during exercise may be a composite of greater cycling of palmitate through the IMTG pool. Together, failure to suppress IMTG FSR (during exercise or possibly postprandially) in PD may affect substrate trafficking, leading to accumulation of IMTG despite a low IMTG FSR in the basal state.
Known mediators of IMTG concentration (presumably by affecting FSR), such as training status (10
), nutrition (39
), and gender (40
) were controlled for in our study. Similar amount of type 1 and 2 muscle fibers between the groups also makes this an unlikely contributor to differences in IMTG FSR before or during exercise (41
). Furthermore, substrate availability was also not different either at rest or during exercise. Markers of other relevant biologic processes, such as inflammation (MAP4K4), oxidative capacity (succinate dehydrogenase), capacity for mitochondrial lipid transport (CPT-1), lipid peroxidation (4-HNE), and trafficking (peroxisome proliferator–activated receptor-a) implicated by previous investigations, were also unrevealing in this study and may reflect the close matching between groups.
There are several limitations of this study worth noting. In order to focus on metabolic differences between simple obesity and PD, no lean control group was studied. Although this likely diminished finding differences between PD and “normal,” the design was vital in differentiating high- vs. low-risk individuals who are often grouped together. It is also possible that the imbalance in the gender distribution between groups confounded our results. Previous reports of sex differences in lipid metabolism have largely attributed their findings to sex differences in insulin action (42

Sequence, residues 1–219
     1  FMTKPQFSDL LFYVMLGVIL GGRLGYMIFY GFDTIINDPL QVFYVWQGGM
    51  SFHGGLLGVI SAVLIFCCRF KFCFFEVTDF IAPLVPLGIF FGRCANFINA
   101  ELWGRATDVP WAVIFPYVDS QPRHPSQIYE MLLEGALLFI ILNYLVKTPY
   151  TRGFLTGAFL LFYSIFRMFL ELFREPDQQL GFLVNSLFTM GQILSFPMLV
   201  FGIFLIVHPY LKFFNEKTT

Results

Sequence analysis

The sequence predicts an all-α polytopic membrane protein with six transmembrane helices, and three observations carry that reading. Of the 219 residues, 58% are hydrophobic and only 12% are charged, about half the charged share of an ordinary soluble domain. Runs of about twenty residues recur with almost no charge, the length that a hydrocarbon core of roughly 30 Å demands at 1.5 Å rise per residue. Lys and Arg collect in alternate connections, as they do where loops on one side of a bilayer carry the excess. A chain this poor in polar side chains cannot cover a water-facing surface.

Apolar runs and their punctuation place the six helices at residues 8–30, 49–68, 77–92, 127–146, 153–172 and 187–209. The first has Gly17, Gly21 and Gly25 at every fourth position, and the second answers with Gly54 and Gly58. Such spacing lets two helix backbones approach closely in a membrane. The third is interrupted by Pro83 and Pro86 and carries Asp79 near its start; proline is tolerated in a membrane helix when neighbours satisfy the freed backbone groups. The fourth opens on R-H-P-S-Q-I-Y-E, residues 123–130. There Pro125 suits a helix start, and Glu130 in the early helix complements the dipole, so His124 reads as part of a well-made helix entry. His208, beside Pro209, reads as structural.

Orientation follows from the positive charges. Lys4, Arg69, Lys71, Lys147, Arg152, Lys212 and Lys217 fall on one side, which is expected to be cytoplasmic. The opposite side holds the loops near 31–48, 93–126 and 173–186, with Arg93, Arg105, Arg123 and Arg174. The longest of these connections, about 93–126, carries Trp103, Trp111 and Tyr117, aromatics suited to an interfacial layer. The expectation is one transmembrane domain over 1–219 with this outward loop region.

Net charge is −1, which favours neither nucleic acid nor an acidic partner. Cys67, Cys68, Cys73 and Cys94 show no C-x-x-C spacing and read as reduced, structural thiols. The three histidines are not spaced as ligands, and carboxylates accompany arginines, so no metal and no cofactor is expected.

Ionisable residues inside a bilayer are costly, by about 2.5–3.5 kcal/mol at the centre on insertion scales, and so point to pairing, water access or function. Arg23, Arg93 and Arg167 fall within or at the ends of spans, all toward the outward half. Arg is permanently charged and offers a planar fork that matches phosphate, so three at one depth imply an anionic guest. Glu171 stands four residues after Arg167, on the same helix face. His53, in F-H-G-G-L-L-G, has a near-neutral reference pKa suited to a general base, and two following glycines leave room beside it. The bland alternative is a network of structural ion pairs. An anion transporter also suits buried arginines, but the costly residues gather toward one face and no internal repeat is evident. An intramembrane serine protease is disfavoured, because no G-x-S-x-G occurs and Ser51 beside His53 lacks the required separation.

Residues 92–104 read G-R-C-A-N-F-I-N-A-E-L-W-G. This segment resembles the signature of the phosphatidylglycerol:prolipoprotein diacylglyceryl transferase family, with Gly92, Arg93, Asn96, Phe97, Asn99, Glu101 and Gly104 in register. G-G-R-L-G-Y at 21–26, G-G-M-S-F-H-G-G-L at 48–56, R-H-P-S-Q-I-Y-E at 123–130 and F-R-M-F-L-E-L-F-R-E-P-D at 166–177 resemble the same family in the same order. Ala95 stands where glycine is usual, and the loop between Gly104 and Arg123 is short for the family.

). Of note, no sex differences in Si
were noted in this study making the group difference in sex distribution less apt to explain our findings. In addition, people with impaired fasting glucose and impaired glucose tolerance were grouped together as “PD”, despite reports that their site of insulin resistance differs (44
). In so doing, differences between NGT and PD may be underestimated. Lastly, a published, nonindividually measured, acetate recovery factor was used in the calculation of palmitate oxidation. This was done because IMTG dynamics, not palmitate oxidation, was the primary outcome of interest.
In conclusion, delineating differences between simple obesity and PD is vital in knowing who will acquire type 2 diabetes and who will not. This study examined the role of intramuscular lipid concentration and synthesis as potentially distinguishing features between simple obesity and PD. Major findings from this study demonstrated higher basal IMTG concentration that was metabolically “inflexible” in people with PD compared to a matched control group with NGT. Longitudinal studies are needed to determine whether alterations in the dynamics of IMTG synthesis can prevent diabetes in this high-risk group.